Like Two Peas in a Pod Review

Nakata and Tanaka. Tanaka and Nakata. Their names are so similar that from the moment they start high school and accidentally mix up their administrative paperwork on the first day, they and their classmates can’t help but notice how alike they are! The same height, the same time to run the 50 m, the same taste in music… If, during class, Nakata spots a contrail in the sky, sure enough, Tanaka will also be staring out of the window in the same direction, and not at the board, to their teacher’s infuriated despair. Sitting sandwiched between these two is Yuki Tanigaki who finds herself alternately amused and annoyed by their antics. But it’s Tanaka that she’s attracted to and eventually, the two start dating. Nakata feels left out. But he carries on with his library duties in which he’s paired with Futaba, a girl who loves reading and, in spite of having her nose buried in a book most of the time, she’s surprisingly perspicacious when it comes to other people’s feelings. And when she notices Nakata unconsciously clutching at his chest from time to time, she realizes that he’s hurting.

How long will this ache last?

Meanwhile, the dating couple carry on being a couple, with Tanaka oblivious, it seems, to Nakata’s growing distress. Somehow or other Nakata and Tanaka find themselves (in identical T-shirts, natch!) attending the local summer festival together because Yuki has already made plans with her girlfriends. During the fireworks, the boys end up fighting – and Tanaka manages to convince himself that Nakata has become his rival for Yuki’s affections. It seems that all their points of similarity aren’t so similar any more.

As their friendship deteriorates, the school sports festival looms, and Nakata and Futaba work together at making the costumes. Returning to what they think is their empty classroom, they come upon Yuki and Tanaka in a highly compromising position, about to kiss. Nakata flees – and Futaba goes after him. “This is what happens when two people start to date,” she says, gently but bluntly. “Didn’t you know that? Or were you just trying not to see it… or think about it?!” But has even Futaba misread the situation? Is it really Yuki that Nakata has a crush on?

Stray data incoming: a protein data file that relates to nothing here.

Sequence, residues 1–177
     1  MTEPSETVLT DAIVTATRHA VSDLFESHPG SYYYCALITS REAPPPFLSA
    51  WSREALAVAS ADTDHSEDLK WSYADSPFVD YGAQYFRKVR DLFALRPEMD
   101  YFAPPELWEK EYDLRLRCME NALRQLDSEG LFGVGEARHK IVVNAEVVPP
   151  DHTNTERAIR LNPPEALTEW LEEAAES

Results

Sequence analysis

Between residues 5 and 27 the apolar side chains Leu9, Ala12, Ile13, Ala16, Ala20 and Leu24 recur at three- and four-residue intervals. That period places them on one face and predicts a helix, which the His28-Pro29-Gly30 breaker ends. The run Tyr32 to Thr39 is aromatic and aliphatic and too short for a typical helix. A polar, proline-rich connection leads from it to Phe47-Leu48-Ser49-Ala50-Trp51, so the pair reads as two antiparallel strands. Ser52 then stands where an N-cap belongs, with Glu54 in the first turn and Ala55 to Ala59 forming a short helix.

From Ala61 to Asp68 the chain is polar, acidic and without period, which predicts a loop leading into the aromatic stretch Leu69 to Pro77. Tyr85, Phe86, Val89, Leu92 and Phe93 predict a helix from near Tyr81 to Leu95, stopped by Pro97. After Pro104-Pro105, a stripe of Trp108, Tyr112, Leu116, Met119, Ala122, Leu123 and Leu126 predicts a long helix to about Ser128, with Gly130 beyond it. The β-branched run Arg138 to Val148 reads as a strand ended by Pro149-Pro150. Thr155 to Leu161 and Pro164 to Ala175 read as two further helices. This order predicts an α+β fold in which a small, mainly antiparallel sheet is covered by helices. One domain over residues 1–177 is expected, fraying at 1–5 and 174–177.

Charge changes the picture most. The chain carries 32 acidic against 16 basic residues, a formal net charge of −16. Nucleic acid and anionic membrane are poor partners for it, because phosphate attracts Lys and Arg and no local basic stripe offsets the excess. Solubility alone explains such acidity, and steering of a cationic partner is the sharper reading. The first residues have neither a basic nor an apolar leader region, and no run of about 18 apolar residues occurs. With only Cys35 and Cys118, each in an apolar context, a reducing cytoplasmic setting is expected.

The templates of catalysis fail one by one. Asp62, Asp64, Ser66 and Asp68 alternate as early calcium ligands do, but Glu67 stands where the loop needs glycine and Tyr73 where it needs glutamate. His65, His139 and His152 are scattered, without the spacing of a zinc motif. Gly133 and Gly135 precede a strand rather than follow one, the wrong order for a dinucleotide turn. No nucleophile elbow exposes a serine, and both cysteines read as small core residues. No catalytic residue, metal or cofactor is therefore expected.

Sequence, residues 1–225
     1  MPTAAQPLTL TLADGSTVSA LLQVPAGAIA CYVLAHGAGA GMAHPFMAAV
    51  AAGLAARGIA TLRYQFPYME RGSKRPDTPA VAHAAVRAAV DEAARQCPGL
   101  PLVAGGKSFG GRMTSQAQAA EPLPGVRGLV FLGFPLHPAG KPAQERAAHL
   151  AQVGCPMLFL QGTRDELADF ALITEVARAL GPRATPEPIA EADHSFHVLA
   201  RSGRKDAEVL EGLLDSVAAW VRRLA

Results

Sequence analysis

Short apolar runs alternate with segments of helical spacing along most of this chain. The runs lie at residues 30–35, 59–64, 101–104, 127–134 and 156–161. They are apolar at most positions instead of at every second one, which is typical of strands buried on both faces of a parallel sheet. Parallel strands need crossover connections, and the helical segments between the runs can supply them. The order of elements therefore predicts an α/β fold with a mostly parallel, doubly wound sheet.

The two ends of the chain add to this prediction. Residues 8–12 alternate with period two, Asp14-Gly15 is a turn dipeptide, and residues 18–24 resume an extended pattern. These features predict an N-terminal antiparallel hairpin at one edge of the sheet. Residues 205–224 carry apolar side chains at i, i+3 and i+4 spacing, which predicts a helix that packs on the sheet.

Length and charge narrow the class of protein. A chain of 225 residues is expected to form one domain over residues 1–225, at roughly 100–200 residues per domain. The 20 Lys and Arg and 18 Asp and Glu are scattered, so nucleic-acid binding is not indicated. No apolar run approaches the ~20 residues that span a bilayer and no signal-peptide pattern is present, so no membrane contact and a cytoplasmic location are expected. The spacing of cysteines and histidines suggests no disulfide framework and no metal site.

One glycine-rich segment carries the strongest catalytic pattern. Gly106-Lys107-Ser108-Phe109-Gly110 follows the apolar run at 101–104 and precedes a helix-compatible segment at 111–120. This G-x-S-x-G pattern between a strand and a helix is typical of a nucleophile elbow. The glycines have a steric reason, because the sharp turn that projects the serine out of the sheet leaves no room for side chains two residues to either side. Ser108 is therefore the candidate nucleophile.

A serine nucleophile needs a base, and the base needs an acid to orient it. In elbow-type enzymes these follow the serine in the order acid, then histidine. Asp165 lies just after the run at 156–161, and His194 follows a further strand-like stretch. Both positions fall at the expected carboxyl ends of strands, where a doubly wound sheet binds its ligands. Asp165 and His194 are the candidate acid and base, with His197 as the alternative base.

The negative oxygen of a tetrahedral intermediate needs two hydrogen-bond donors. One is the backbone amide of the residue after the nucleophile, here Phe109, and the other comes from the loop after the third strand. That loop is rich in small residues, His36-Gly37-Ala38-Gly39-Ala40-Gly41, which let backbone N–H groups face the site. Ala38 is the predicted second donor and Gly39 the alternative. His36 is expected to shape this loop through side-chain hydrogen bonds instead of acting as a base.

The story takes place over the four seasons, starting with the new school year in spring and ending in winter as the snow is falling. Gorou Kanbe cleverly threads recurring motifs throughout the chapters: a shared umbrella; the level crossing on Tanaka and Nakata’s walk home from school; those mesmerizing contrails in the sky outside the classroom. Some of these elements can be found in many slice-of-life school stories but they’re skilfully used here to show how the relationships between the characters are shifting and changing, especially that familiar shared umbrella trope. But what makes this story stand out from many other manga about falling in love in high school is the honest way Gorou Kanbe depicts the uncertainties and complexities of the experience. “What even is love?” Tanaka asks Nakata toward the end, averting his face so he – and we – can’t see his expression. “I just don’t know anymore.”

Gorou Kanbe has a great gift for conveying through her art how the characters are feeling – as opposed to how they’re reacting or what they’re saying. Facial expressions and body language are distinctively and meaningfully drawn…  By the end of the manga, you feel as if you really know the four protagonists and are rooting for things to go well for them all. In her Postscript Gorou Kanbe has a special paragraph about the two girls: Futaba and Yuki Tanigaki – and one of the strengths of this story is the presence of these two very different personalities and the way they interact with Tanaka and Nakata. Girls are too often side-lined in Boys’ Love, either whispering in corners about how the male protagonists are hot or introduced as annoying and one-note love rivals.

By way of bonus material, there are four yon-koma and a little more background material in the mangaka’s Postscript.

Christine Dashiell has produced a sparkling translation for Tokyopop that feels just right in tone for this story which relies a great deal on its character interactions.

Gorou Kanbe is one of the new to English translation BL authors from MAG Garden’s BL list that Tokyopop have been featuring in their new LGBT+ LOVE x LOVE list. All her three titles (Like Two Peas in a Pod, Don’t Call Me Dirty and Don’t Call Me Daddy) are unusual, entertaining and perceptive pieces of graphic fiction. Her characters are really engaging, flaws and all; she’s skilled at creating genuinely funny moments and heart-breaking ones as well. Highly recommended.

10 / 10


Sarah's been writing about her love of manga and anime since Whenever - and first started watching via Le Club Dorothée in France...

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